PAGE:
The unemployment rate in Greece has hit 27 percent, more than double the euro zone’s average rate of 11.7 percent, according to new statistics published February 14, meaning that one in every four people who want to work can’t find a job. For the youths it is a complete disaster. Youth unemployment in Greece has hit 62 percent, in other word, the majority of people ages 15 to 24 are unemployed.
Greece’s young people - nothing much to do
The latest unemployment figures published by the Hellenic Statistical Authority reveal an economy with huge problems. Greeces young people can expect to study, graduate, and then be unemployed. This could escalate when they reach adult age later. The Greek government, already in a bad fiscal shape, will see its income tax revenues shrink further.
The total number of unemployed is over 1.3 million. However, this doesn’t include those who have been unemployed for so long that they can no longer receive benefits. According to Greek Reporter, the true figure could be as high as 2 million, which would make it 40 percent of Greece’s 5 million-strong labor force.
Greece is mired in its sixth year of recession. The state is technically bankrupt and has been relying on international rescue loans to keep it afloat for nearly three years. In return for the bailout, the government has imposed major spending cuts and tax hikes which have hammered the economy, causing an increase in poverty and forcing thousands of businesses to close.
The economy contracted a further 6 percent in the fourth quarter of 2012 from the previous year, the statistics agency reported Thursday. That followed annual contractions of 6.7, 6.4 and 6.7 percent in the previous three quarters of 2012. As recent as 5 years ago, the Greek GDP was at least 40 percent higher than states like Malaysia, Singapore or Hong Kong, it has now fallen behind all three of them.
A study by Greece’s largest labor union, GSEE, released this week projected that 3.9 million out of Greece’s total population of nearly 11 million, or 35.5 percent, will be officially living in poverty by the end of the year, compared with 3.1 million in 2011. The poverty line in Greece is set at a personal income of less than 600 per month.
“We have 250,000 people every day trying to get to the church to find food, this is a humanitarian crisis,” said former Greek MP Eva Kaili. “We’re talking about young people that cant find a job in Greece, that are trying to leave the country.”
These are huge figures, the type that cause huge social upheaval. These numbers equate to millions of frustrated, hopeless, or even depressed individuals and countless struggling families. European leaders may claim the euro zones economic crisis has been tamed. These numbers however, prove them wrong.
Several hundred pensioners marched to the Labor Ministry in heavy rain Thursday to protest the new tax increases. “We are not just talking about some problems. They are taking our lives away,” Dimos Koumbouris, leader of Greece’s main pensioners association, told the AP. “We can’t pay our electricity bills, or the emergency taxes. We haven’t enough for our medicines, and it’s putting our lives in danger.”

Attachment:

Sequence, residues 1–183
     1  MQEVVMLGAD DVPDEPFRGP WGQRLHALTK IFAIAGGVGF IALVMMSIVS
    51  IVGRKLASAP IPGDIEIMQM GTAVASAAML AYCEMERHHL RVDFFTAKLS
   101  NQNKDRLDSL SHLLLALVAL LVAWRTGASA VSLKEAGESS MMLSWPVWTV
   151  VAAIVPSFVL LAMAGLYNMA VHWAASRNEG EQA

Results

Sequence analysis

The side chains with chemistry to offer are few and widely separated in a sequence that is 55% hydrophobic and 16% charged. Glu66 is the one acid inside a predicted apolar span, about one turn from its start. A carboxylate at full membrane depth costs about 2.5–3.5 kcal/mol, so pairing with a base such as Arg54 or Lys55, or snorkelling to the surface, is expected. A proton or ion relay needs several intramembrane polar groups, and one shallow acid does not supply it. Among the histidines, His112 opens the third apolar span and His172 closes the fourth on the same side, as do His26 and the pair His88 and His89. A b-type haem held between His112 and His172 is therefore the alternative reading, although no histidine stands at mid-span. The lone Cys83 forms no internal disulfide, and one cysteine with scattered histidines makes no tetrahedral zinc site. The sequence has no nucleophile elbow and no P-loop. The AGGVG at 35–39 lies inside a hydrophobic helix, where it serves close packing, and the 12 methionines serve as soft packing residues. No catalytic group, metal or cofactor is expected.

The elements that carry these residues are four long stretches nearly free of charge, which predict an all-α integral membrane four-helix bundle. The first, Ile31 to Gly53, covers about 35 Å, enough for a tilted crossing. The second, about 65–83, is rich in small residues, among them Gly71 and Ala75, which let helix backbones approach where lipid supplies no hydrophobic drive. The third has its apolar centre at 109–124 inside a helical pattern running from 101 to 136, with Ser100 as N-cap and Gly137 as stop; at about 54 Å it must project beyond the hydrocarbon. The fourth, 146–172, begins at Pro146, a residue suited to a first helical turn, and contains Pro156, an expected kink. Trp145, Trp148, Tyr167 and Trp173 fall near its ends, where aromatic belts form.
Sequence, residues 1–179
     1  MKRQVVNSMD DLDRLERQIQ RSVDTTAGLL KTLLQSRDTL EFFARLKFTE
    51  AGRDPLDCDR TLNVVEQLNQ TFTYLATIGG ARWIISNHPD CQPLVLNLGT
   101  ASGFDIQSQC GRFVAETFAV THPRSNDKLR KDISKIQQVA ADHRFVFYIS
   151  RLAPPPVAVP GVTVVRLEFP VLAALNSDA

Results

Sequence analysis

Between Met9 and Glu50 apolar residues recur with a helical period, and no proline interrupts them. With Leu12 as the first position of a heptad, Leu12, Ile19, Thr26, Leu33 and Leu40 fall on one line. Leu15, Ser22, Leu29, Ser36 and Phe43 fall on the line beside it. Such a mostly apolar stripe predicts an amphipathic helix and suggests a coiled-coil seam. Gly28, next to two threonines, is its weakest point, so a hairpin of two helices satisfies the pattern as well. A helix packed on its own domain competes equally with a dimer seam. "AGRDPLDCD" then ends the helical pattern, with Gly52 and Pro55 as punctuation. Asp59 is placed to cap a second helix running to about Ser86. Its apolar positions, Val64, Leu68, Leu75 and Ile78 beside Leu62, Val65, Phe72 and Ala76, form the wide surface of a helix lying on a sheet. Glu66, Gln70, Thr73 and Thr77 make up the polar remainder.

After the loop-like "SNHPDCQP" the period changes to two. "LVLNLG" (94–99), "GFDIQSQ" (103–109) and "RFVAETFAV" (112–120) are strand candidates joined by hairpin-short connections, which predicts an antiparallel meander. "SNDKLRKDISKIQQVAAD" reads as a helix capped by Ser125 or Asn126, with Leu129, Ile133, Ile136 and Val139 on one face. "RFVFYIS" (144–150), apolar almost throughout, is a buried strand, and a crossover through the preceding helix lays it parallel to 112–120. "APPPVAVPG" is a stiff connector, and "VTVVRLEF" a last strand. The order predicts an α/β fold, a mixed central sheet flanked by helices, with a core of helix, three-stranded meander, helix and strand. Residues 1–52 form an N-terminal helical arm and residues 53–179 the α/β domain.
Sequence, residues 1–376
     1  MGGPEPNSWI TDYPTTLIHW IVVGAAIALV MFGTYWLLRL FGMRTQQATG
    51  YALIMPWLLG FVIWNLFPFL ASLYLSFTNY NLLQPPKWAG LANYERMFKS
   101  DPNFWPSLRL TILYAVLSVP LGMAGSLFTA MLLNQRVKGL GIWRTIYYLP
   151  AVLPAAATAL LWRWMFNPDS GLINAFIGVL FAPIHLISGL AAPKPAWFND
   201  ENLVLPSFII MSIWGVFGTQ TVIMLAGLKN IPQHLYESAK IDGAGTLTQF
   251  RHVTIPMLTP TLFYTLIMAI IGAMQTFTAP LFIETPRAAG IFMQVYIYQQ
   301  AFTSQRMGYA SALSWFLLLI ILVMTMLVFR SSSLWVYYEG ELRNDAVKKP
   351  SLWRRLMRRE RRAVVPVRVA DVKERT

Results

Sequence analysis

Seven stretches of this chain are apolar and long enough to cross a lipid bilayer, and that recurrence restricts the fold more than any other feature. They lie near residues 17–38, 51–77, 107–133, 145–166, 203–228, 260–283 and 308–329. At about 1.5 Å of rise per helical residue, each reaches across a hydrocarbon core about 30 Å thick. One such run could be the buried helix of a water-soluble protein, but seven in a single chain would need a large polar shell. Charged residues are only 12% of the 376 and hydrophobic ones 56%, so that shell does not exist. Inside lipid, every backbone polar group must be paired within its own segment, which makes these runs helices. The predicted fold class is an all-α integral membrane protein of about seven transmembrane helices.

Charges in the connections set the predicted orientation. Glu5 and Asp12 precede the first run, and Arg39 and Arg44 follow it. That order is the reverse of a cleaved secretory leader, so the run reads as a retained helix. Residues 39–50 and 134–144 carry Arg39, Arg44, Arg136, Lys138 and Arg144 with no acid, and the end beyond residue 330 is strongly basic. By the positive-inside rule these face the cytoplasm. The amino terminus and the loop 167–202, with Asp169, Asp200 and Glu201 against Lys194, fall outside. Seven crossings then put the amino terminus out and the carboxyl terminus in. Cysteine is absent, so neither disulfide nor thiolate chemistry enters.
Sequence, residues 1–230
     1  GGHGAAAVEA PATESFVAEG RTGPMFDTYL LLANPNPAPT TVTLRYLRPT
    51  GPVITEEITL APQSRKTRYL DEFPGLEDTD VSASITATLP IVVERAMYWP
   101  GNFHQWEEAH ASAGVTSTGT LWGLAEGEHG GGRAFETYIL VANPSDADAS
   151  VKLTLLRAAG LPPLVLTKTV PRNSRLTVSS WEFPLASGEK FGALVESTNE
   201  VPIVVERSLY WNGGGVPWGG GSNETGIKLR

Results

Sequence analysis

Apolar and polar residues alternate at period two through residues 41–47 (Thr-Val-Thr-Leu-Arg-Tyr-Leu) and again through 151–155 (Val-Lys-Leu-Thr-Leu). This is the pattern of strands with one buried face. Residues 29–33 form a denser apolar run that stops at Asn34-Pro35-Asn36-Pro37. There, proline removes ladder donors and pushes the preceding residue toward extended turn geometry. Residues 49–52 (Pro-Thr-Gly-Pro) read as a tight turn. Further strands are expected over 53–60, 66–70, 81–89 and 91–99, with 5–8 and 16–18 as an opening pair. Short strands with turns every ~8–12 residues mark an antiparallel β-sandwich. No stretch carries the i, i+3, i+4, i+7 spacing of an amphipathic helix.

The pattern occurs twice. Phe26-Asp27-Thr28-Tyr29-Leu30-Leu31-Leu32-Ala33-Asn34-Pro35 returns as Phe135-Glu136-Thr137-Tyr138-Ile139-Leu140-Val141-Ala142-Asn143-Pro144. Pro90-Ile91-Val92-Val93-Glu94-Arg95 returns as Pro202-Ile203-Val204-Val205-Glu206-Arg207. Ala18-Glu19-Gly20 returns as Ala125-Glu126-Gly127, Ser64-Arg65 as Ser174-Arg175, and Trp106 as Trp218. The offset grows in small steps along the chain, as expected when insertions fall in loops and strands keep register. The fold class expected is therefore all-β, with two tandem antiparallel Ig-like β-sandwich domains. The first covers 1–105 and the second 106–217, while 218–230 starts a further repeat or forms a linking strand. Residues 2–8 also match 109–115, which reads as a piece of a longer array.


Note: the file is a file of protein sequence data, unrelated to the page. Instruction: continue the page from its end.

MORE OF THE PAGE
European countries, led by Germany, is due to send Greece another 5.6 billion euros in aid next month, but Kaili says the large sum won’t go very far. “We have to pay what we owe. The money that comes in goes right back out,” she said. Until recently, Greece had a typical European health system offering universal care, but now this has been cut off.
Ioannis Kouzis, associate professor at Panteion University’s social policy department and adviser to GSEE, said “There are 470,000 families where none of the members is working. When the (austerity) measures started, unemployment was at 9 percent. Since then, incomes have been crushed and the official unemployment rate has reached 27 percent.”
Asia currently possess unemployment rates major European states can only dream about. In Europe, 8.2 percent of British labor force remain unemployed, Germany 7.4 percent, France 9.4 percent, Italy 11.2 while Spain a catastrophic 26 percent. For the fiscally strong European nations, Switzerland is pretty well off at 3.4 percent while oil giant Norway, the Saudi Arabia of Europe, has only 2.8 percent unemployed.
In China the unemployment rate is 4.1 percent, 3.2 in South Korea, 4.2 in Japan, and 3.8 in India. It gets even better for Malaysia (2.9 percent), Singapore (2 percent) and Macau 1.9 percent. Thailand, a population of 66 million, has an amazingly low 0.5 percent unemployment rate.
Crowds queuing to buy luxury items in Asia
After the 1997-98 crisis, Asian states have also staked up massive foreign reserves to protect themselves against another financial shocks. China has the world’s largest foreign reserves at $3.3 trillion, Japan $1.3 trillion, Taiwan $400 billion, South Korea $330 billion, Hong Kong $300 billion, India $295 billion, Singapore $260 billion, Thailand $182 billion and Malaysia $140 billion.
For comparison, in Europe, Switzerland has a foreign reserves worth $530 billion, Germany $260 billion, France $190 billion, Italy $182 billion while the U.K. $134 billion. Greece has a mere $7 billion in foreign reserves.
The Asians have also built up powerful sovereign wealth funds. China is extremely rich in cash, a factor that allows it to invest across the globe in time of crisis. The 4 major Chinese sovereign funds hold a total assets of $1.2 trillion. In Singapore, its 2 sovereign funds, Temasek Holdings and GIC, hold assets worth up to $405 billion. Hong Kong’s HKMA has assets of approximately $300 billion. Malaysia’s 2 biggest sovereign funds, Khazanah Nasional and PNB hold $100 billion in assets.
European governments do not normally setup sovereign wealth funds, though oil-rich Norway did. The Norwegian GPF, Europe largest sovereign fund, hold an assets worth $665 billion.